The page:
This Day in Coast Guard History – October 13

Wednesday, October 13, 2010

1775-This is the date that the Navy recognizes as it's "official" birthday.  The United States Navy traces its origins to the Continental Navy, which the Continental Congress established on 13 October 1775 by authorizing the procurement, fitting out, manning, and dispatch of two armed vessels to cruise in search of munitions ships supplying the British Army in America. The legislation also established a Naval Committee to supervise the work. All together, the Continental Navy numbered some fifty ships over the course of the war, with approximately twenty warships active at its maximum strength.  After the American War for Independence, Congress sold the surviving ships of the Continental Navy and released the seamen and officers. The Constitution of the United States, ratified in 1789, empowered Congress "to provide and maintain a navy." Acting on this authority, Congress ordered the construction and manning of six frigates in 1794, and the War Department administered naval affairs from that year until Congress established the Department of the Navy on 30 April 1798.  In 1972, however, Chief of Naval Operations (CNO) Admiral Elmo R. Zumwalt authorized recognition of 13 October 1775 as the Navy’s birthday

Happy Birthday Navy!  There is no official motto for the U.S. Navy.  However "Non sibi sed patriae" (Not self but country) is often cited as the Navy's "unofficial" motto.

1883-Between 4 and 5 o’clock in the afternoon, a small sailboat, owned at West Hampton, New York, capsized In crossing the bay with one man on board. Three of the crew of the Petunk Station (Third District) sprang into a skiff, rowed out, rescued the man, and towed the boat ashore.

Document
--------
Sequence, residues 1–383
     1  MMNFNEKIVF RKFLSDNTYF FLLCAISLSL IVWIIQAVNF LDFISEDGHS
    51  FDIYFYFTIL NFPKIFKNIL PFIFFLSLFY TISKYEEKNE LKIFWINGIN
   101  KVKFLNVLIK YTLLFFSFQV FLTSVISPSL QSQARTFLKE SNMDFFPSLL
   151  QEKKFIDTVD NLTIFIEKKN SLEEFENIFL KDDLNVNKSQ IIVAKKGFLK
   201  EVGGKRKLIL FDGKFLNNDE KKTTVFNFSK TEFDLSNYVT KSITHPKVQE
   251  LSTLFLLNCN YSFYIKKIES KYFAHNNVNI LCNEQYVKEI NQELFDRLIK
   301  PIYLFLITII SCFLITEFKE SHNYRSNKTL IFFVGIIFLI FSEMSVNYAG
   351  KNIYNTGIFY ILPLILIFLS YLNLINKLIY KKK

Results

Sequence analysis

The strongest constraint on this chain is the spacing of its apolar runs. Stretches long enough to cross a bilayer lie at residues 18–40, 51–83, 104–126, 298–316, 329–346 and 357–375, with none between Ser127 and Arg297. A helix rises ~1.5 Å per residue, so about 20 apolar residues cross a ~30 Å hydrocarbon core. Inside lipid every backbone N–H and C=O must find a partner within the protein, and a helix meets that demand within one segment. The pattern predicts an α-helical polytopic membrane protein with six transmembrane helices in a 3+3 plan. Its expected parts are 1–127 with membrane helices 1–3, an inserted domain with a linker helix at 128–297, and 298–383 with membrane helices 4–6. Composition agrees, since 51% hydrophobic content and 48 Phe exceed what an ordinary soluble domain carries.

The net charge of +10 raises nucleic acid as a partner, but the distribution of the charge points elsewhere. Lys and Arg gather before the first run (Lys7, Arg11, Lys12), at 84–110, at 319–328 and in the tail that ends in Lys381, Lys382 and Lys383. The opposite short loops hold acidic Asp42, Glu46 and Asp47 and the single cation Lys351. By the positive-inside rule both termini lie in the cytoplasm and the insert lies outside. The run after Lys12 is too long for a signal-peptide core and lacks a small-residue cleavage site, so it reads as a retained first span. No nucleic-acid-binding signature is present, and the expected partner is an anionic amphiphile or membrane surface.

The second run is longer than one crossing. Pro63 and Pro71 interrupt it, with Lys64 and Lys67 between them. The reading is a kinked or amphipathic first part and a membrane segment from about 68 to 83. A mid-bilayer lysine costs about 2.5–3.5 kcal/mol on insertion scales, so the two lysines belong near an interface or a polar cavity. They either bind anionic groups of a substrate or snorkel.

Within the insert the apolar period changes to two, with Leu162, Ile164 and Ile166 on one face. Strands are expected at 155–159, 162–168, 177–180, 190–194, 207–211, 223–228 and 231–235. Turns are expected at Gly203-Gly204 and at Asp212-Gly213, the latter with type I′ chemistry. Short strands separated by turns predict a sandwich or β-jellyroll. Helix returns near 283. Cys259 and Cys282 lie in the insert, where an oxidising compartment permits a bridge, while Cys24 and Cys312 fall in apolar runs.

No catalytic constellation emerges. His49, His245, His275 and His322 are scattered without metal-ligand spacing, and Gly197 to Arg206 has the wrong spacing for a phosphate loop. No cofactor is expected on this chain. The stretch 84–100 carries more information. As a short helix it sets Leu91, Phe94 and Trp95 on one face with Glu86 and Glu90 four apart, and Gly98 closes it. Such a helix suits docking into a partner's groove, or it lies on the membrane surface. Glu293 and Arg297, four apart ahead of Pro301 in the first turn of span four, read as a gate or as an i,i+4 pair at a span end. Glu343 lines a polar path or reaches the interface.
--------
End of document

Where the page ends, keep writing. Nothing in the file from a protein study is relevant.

1988: The first U.S. merchant marine World War II veterans received their Coast Guard issued discharge certificates.  Congress gave the merchant mariners veterans' status and tasked the Coast Guard with administering the discharges.

1995: The cutter Ida Lewis was launched, the first of the new 175-foot Keeper class buoy tenders.

(Source: USCG Historian’s Office)


Coast Guard

El Faro Captain Ordered Crew to Abandon Ship before Sinking

The captain of the doomed El Faro cargo ship sounded an alarm for his crew to abandon the vessel shortly before it sank last fall in a hurricane near the Bahamas, killing all 33 onboard, the U.

Navy Discovers Malaysian Tanker

Indonesia's navy has found a tanker carrying almost US$400,000 worth of diesel that was taken by its own crew last week due to a commercial dispute, says a report in AFP.

Philippines: Sea Dispute Won't Shift Ties with China, U.S.

The Philippines' territorial dispute with China over the South China Sea has not caused Manila to rebalance diplomatic ties with either its ally, the United States,

History

This Day In Naval History: August 25

1864 - CSS Tallahassee, commanded by Cmdr. John Taylor Wood, returns to Wilmington, N.C. to refuel on coal. During her more than two week raid, CSS Tallahassee

This Day In Naval History: August 24

1814 - During the War of 1812, the British invade Md. and burn Washington, D.C. Commodore Thomas Tingey, superintendent of the Washington Navy Yard, burns the Navy

This Day In Naval History: August 23

1819 - Commodore Oliver H. Perry, the hero of the Battle of Lake Erie, dies on board the schooner, USS Nonsuch, in Trinidad of a fever contracted during his successful

 
 
Maritime Contracts Maritime Security Maritime Standards Offshore Oil Pipelines Pod Propulsion Ship Electronics Ship Repair Ship Simulators Shipbuilding / Vessel Construction
rss | archive | history | articles | privacy | contributors | top maritime news | about us | copyright | maritime magazines
maritime security news | shipbuilding news | maritime industry | shipping news | maritime reporting | workboats news | ship design | maritime business

Time taken: 0.0692 sec (14 req/sec)